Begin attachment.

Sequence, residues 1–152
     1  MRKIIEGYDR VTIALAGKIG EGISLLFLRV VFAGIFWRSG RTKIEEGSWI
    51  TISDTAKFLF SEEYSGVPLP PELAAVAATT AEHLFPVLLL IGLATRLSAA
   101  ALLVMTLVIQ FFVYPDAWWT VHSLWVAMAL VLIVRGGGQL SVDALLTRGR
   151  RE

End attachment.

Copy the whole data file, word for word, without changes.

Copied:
Sequence, residues 1–152
     1  MRKIIEGYDR VTIALAGKIG EGISLLFLRV VFAGIFWRSG RTKIEEGSWI
    51  TISDTAKFLF SEEYSGVPLP PELAAVAATT AEHLFPVLLL IGLATRLSAA
   101  ALLVMTLVIQ FFVYPDAWWT VHSLWVAMAL VLIVRGGGQL SVDALLTRGR
   151  RE